Right to Rent Checks And The Rights Of Tenants

OTS Immigration Solicitors Immigration Advice

For migrants wishing to rent property in the United Kingdom, 2016 will be a pivotal year for change and it is imperative that current and prospective migrants be fully aware of the storm that is coming in the form of Right to Rent checks.

Earlier this month it was announced that from 1st February 2016, all UK landlords will be required to check that prospective tenants have a legal right to be in the UK or face a fine of up to £3,000 per tenant.  Furthermore, the immigration Bill 2015, which has passed its second reading and is now at the Committee Stage in the House of Commons, is highly likely to become law by late 2015/early 2016, given the Cameron Government’s determination to crack down on immigration.  One of the provisions of the 2015 Bill is to increase the penalty for landlords who fail to carry out adequate right to rent checks to up to five years imprisonment.

The Concerns for Tenants over Right to Rent Checks

Concern is mounting on how right to rent checks will affect tenants.  Issues worrying human rights groups and immigration watchdogs include:

  • landlords being reluctant to rent property to individuals of certain ethnicities
  • tenants being evicted from their homes
  • landlords carrying out checks incorrectly, leading to wrongful eviction or being refused a tenancy

There are two main pieces of legislation that must be complied with when right to rent checks are being made:

  1. The Equality Act 2010
  2. The European Convention on human rights

The Equality Act 2010

The Equality Act 2010 protects all individuals who possess one of the following nine protected characteristics from discrimination, victimisation and harassment:

  • Age
  • Disability
  • Gender reassignment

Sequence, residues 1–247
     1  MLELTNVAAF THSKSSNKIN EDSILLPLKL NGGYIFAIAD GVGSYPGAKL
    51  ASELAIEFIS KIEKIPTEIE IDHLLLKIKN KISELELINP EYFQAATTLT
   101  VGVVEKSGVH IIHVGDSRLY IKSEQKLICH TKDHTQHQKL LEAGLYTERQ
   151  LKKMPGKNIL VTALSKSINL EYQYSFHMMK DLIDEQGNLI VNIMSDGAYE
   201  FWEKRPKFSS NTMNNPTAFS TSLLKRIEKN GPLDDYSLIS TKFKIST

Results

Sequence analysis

• Marriage and civil partnership
  • Pregnancy and maternity
  • Race
  • Religion and belief
  • Sex
  • Sexual orientation

A landlord who refuses to rent a property, or directly or indirectly discourages a person from applying to rent a property on the grounds of their race and/or religious beliefs may be found in breach of The Equality Act 2010.  Individuals affected by the breach have the right to claim damages in Court.

 

The Equality Act says the following things could be unlawful discrimination when renting a property if it's because of a protected characteristic:

  • offering a property on worse or less favourable terms
  • refusing to let a property to certain individuals
  • treating a person badly or less favourably
  • not allowing certain tenants to use certain facilities or benefits - for example, a communal garden, or imposing conditions or restrictions on their use of these things
  • evicting a person or taking steps to evict them
  • behaving in a way which causes an individual distress or offends or intimidates them - this qualifies as harassment under the Act
  • punishing a person because they complain about discrimination or help someone else complain - the Equality Act calls this victimisation.

The Government has published a guide for landlords on how to avoid breaching the Equality Act 2010 when performing right to rent checks.  However, the Shadow Home Secretary, Andy Burnham has warned that research shows that some landlords are reluctant to let to people with foreign-sounding names or accents view and/or tenant their properties.

The factors that will drive otherwise well-meaning landlords to discriminate will be based on two things:

  1. Fear
  2. landlords being unsure of the process

Fear